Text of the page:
LINGUIST List 10.1210

Tue Aug 17 1999

Qs: Metaphor, AUX, Setswana/Sesothu clicks

Editor for this issue: Jody Huellmantel <jodylinguistlist.org>


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Directory

  1. zmaalej, On Metaphor as Evaluative Modality
  2. Erika Mitchell, History of AUX
  3. Nick Reid, Setswana and Sesothu clicks

Message 1: On Metaphor as Evaluative Modality

Date: Mon, 16 Aug 1999 17:56:24 +0200
From: zmaalej <zmaalejgnet.tn>
Subject: On Metaphor as Evaluative Modality


Dear List Members,

Metaphor has been studied as process and product (Gibbs, 1999;
Allbritton, 1995; etc.), as a similarity-creating phenomenon (Ortony,
1979; Glucksberg & Keysar, 1990; etc.), as enhancing intimacy between
speaker and hearer (Cohen, 1979), etc. However, I have seen very few
studies (Averill, 1990) of metaphor as an evaluative modality, i.e. as
an instantiation of speaker attitude. Could anybody direct me to any
relevant literature? Your collaboration is mostly valued. Thank you in
advance.

Zouhair Maalej,
Department of English Chair,
Faculty of Letters, Manouba, 2010,
University of Tunis I, TUNISIA.
Office Phone: (+216) 1 600 700 Ext. 174
Office Fax: (+216) 1 520 910
Home Tel/Fax: (+216) 1 362 871
Email: zmaalejgnet.tn
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Message 2: History of AUX

Date: Tue, 17 Aug 1999 04:02:25 -0700 (PDT)
From: Erika Mitchell <erikamityahoo.com>
Subject: History of AUX


For a current research project, I am trying to uncover the source of
AUX. Might any of you be able to help me find the answers to the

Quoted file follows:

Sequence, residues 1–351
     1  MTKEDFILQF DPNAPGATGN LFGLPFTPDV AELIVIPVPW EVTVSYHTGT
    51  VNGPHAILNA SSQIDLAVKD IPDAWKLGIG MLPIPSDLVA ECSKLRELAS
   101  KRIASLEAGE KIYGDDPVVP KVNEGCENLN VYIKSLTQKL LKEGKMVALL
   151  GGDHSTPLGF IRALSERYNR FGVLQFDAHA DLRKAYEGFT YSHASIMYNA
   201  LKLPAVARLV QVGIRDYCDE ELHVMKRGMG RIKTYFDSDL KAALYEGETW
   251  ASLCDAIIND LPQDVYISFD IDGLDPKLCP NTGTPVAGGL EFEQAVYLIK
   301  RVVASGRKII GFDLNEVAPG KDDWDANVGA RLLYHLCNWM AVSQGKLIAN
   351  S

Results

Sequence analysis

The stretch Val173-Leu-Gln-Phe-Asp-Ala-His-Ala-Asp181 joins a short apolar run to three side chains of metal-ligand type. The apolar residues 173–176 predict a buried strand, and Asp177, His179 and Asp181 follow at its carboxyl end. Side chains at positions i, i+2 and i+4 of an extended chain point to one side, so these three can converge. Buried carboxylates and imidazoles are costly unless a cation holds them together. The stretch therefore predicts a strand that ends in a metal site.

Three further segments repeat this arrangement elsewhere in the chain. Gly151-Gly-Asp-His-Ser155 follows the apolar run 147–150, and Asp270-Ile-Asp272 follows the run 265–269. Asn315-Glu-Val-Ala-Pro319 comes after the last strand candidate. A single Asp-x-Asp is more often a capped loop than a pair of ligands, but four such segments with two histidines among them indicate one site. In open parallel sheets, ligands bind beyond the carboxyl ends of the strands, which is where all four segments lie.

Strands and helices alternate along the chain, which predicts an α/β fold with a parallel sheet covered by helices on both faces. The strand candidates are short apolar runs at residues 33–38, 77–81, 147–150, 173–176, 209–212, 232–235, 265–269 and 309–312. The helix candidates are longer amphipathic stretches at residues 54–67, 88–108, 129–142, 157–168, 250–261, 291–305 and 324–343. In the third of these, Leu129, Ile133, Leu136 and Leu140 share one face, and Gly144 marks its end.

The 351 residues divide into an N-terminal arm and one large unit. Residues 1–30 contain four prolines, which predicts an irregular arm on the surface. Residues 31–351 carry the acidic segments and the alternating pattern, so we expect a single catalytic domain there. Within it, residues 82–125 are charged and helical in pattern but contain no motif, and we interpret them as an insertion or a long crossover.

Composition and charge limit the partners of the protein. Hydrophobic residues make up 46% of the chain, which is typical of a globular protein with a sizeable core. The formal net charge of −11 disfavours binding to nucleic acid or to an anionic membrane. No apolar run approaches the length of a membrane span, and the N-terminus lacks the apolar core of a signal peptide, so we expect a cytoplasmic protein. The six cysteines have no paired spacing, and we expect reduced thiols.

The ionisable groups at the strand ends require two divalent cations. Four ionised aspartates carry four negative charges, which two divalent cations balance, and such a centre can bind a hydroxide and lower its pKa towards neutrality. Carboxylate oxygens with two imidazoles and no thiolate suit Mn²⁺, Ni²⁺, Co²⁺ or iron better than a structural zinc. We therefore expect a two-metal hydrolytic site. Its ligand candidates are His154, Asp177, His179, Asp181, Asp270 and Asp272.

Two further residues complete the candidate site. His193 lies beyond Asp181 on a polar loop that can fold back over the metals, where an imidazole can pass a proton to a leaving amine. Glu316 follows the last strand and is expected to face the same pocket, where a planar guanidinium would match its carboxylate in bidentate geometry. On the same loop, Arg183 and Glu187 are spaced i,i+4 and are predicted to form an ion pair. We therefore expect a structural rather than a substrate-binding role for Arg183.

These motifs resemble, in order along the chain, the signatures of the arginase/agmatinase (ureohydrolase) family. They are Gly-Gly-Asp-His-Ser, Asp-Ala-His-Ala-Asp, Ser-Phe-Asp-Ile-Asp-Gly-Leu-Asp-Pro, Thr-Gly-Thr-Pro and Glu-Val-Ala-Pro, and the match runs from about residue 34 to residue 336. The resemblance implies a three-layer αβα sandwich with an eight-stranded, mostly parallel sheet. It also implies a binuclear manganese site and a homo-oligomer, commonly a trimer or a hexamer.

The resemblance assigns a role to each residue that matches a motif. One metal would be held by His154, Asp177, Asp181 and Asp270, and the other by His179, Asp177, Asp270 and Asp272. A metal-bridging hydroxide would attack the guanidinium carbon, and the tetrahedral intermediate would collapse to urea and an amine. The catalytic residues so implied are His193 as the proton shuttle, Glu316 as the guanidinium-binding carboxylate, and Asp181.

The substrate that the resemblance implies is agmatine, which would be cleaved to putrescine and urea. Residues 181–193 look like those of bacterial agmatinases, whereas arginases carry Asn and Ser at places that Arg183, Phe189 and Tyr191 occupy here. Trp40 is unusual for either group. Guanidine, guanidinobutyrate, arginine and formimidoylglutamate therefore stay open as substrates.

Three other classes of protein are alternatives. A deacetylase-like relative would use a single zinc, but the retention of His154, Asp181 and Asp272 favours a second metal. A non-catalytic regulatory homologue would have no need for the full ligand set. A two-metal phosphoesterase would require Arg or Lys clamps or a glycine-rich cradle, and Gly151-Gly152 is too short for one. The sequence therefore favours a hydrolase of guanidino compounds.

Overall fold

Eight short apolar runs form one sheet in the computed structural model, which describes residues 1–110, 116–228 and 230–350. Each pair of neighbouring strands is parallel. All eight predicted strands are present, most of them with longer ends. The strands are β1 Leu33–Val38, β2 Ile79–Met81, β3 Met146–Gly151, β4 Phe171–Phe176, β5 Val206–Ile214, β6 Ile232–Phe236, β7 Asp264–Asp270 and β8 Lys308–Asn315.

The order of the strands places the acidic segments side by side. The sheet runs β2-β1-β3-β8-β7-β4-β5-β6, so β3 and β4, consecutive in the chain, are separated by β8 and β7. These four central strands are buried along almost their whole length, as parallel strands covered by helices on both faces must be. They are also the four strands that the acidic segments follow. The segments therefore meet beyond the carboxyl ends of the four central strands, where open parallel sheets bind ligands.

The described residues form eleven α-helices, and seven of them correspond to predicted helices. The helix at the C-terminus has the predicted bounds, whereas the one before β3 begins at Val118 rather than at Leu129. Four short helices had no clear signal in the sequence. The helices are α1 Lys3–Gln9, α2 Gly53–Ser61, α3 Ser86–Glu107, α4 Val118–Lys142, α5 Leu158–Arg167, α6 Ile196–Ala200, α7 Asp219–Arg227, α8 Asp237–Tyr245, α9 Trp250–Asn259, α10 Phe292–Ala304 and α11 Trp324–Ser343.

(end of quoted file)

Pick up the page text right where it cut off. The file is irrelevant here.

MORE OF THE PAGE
following questions, or even point me in a likely direction?

1. When did Aux first become AUX, and why? That is, when did the
change to capital letters occur? What was the motivation? In the
early TG literature, it was written in lower-case letters, but
sometime in the 1970s it was changed to upper case. Was this simply a
typographical shift, or was there something more to it? Any pre-1970
reference using AUX (in capital letters) would be appreciated.

2. When was Aux first placed as one of three nodes hanging directly
from S? That is, when did we see the tripartite S->NP Aux VP for the
first time? Chomsky 65, chapter 2, ex. 3 assumes this structure, but
for example, Lees 1960 and Klima 1964 use a structure that is
virtually identical to Chomsky 1955, chapter 8. Any pre-1965
references using a tripartite structure for S would be appreciated.

If you can provide information on either of these topics, or any other
insight on the early history of the category Aux (AUX), I would be
most appreciative. I will summarize to the list any responses.

Erika Mitchell
em63cornell.edu
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Message 3: Setswana and Sesothu clicks

Date: Tue, 17 Aug 1999 14:01:40 +1000
From: Nick Reid <nreidmetz.une.edu.au>
Subject: Setswana and Sesothu clicks


The two snippets of text below have been given to me by Setswana and
Sesothu speakers on my campus. My interest is in the
place-of-articulation/manner-of-release of the clicks, by I have no
expertise in these languages. Orthographic tl sounds to me like a
dental click with lateral release. Orthographic q sounds to me like an
alveolar click. Can anyone with knowledge of these languages help out?
I further believe that some words in both these languages are written
with orthographic qh, and I'd like to know whether that represents a
distinct phonemic click, or just a different spelling convention. (Of
course the answers may not be the same for both languages)

Sesothu.
Ke tlo u qoqela moqoqo o qalang leqepheng la ho qetela.
I fut you tell story that starts page the
last one
I'm going to tell you the story that starts on the last page.

Setswana.
Ke bone ntlole a tlolatlola mo tshimong ya ditloo ka letlatlan.
I saw squirrel that jumping in garden of peas in evening
I saw a squirrel jumping in a garden of peas in the evening.

any advice, gratefully received, should be sent direct to nreidmetz.une.edu.au
thanks in advance
Nick Reid

Dr Nicholas Reid
School of Languages, Cultures and Linguistics
University of New England
Armidale 2351, AUSTRALIA

ph: +61 [0]2 6773 3400
fax: +61 [0]2 6773 3735
email: nreidmetz.une.edu.au
website: http://www.une.edu.au/~arts/Linguist/linguist.htm
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